Hybrid grain rye is being grown for the first time by farming group Sentry in south Norfolk as a low-input crop on light land as it may be able to cope better with climate change than other cereals.
The crop is grown on contract for use in pig feed at a price discount to feed wheat and suits some of the group’s lighter land, and it is hoped it will achieve higher yields than wheat as it is a good scavenger for moisture.
John Barrett, a director at the company, says lower input crops tailored to particular land types could help the group cope with reduced direct farm subsidies and climate change.
“We are looking to grow different crops which are suited to light land and give the best returns, and hybrid rye looks very good,” he says.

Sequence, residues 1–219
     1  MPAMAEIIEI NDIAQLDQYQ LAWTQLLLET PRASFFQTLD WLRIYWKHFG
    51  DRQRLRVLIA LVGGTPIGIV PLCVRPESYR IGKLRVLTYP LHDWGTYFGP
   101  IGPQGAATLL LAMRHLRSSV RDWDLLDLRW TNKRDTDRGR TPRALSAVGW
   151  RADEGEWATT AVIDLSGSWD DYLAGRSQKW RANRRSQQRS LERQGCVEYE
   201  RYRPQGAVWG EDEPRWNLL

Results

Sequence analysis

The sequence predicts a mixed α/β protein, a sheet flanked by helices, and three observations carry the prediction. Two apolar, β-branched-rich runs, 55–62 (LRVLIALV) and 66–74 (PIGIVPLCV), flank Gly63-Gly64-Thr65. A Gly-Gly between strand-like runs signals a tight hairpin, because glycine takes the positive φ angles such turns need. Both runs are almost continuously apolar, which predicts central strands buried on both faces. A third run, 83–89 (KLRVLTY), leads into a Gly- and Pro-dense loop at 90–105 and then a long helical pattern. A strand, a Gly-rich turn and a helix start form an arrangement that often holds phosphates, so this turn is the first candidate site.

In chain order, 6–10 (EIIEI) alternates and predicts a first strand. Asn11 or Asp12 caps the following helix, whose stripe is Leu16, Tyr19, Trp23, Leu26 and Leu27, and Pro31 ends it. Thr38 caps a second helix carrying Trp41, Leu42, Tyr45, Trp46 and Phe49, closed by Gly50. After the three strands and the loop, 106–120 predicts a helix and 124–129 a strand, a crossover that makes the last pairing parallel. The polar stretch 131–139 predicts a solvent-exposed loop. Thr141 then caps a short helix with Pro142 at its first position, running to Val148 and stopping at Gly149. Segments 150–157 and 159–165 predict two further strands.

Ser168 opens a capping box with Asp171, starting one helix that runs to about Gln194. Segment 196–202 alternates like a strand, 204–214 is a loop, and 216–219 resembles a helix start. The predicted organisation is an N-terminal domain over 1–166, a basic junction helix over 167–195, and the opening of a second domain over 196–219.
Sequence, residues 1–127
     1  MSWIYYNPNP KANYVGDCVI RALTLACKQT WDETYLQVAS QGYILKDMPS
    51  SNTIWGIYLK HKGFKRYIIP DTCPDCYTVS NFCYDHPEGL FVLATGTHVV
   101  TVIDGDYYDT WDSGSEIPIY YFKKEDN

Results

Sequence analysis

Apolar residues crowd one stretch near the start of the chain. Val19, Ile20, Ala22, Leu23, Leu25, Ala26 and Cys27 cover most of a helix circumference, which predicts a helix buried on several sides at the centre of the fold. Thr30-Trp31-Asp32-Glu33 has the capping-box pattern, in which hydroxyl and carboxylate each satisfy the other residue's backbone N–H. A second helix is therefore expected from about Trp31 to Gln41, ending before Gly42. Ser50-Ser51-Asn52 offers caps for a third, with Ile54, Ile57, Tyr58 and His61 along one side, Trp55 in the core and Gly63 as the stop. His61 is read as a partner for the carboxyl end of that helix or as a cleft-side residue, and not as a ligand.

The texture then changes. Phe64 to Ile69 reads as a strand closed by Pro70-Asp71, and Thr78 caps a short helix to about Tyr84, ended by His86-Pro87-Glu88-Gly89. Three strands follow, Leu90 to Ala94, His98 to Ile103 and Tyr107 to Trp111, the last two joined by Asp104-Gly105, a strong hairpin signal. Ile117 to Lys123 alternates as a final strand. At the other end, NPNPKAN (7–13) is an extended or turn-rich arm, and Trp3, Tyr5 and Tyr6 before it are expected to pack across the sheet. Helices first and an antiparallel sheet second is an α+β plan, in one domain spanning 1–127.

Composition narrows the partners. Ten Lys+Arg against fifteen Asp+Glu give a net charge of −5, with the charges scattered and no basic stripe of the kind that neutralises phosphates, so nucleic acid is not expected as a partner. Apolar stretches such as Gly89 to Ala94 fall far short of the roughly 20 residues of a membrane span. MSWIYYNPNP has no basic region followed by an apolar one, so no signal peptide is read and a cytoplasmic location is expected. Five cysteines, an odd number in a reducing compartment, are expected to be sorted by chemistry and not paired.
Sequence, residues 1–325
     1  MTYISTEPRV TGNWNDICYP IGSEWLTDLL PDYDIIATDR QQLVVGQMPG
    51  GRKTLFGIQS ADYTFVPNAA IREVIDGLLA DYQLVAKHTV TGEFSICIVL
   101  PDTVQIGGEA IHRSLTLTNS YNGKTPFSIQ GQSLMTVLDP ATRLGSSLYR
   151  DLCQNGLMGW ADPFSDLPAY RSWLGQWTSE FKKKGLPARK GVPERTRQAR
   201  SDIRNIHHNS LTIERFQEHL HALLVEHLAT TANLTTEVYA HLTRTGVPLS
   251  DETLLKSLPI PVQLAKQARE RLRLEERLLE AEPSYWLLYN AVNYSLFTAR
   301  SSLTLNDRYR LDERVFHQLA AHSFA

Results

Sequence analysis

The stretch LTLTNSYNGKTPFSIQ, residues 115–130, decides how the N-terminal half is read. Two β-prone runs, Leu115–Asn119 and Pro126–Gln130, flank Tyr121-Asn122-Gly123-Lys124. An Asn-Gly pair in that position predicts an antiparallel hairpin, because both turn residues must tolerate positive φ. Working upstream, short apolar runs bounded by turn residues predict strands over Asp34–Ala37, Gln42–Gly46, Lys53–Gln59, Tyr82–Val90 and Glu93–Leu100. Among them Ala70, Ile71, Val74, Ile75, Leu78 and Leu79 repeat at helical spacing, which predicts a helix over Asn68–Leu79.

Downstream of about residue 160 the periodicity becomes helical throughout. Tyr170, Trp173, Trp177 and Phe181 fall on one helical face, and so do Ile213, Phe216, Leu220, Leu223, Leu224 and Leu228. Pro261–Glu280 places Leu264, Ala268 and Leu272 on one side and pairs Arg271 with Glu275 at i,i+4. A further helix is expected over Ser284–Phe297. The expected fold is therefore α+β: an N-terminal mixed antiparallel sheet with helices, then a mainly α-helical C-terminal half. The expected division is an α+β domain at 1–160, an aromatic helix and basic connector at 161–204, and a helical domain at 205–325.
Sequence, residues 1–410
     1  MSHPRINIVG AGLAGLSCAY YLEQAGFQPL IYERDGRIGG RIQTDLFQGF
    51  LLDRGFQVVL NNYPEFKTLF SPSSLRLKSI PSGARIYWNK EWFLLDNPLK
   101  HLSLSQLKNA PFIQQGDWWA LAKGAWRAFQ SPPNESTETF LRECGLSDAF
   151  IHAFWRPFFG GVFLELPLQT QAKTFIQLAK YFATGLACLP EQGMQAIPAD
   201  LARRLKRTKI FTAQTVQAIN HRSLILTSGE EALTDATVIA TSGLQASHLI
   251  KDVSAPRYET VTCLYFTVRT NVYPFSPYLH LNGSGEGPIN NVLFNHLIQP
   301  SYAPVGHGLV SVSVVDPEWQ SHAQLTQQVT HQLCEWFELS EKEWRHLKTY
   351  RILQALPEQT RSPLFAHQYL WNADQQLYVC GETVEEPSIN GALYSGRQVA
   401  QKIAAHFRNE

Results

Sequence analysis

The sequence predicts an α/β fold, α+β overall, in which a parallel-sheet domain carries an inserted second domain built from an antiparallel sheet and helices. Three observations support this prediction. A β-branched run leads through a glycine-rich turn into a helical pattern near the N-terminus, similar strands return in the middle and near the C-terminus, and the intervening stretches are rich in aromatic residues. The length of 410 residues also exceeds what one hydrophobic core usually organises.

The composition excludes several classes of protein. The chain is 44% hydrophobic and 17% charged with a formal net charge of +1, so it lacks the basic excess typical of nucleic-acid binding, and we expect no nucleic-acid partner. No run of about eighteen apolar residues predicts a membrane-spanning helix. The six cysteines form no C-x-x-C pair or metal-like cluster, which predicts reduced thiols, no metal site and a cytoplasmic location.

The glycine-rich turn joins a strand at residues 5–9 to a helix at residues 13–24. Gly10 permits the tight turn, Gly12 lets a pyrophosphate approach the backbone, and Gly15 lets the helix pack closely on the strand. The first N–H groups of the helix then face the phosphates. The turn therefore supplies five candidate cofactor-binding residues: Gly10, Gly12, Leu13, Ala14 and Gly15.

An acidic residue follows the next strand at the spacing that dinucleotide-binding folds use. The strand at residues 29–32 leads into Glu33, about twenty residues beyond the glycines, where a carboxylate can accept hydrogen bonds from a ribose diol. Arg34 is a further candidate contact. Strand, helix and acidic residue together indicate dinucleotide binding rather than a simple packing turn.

Light land crop
The hybrid rye is being grown on a belt of light land on one of the group’s farms in south Norfolk where cereal yields vary enormously depending on the season, and where the wheat yield averaged only a low 4.5t/ha last season.
This season, the farm is growing 60ha of the crop on a contract for grain trading and processing group ADM with a targeted yield of 7.5t/ha, with much reduced inputs of fertiliser and fungicide compared with wheat, and could be ideally suited as a second cereal.
The grain rye price is set at a £20/t discount to feed wheat, or at about feed barley levels, and it is seen as an attractive option considering the low growing costs.
Mr Barrett is impressed by the crop’s ability to cope with drought and also its very competitive nature to crowd out weeds, while harvest should fit in well – just before winter wheat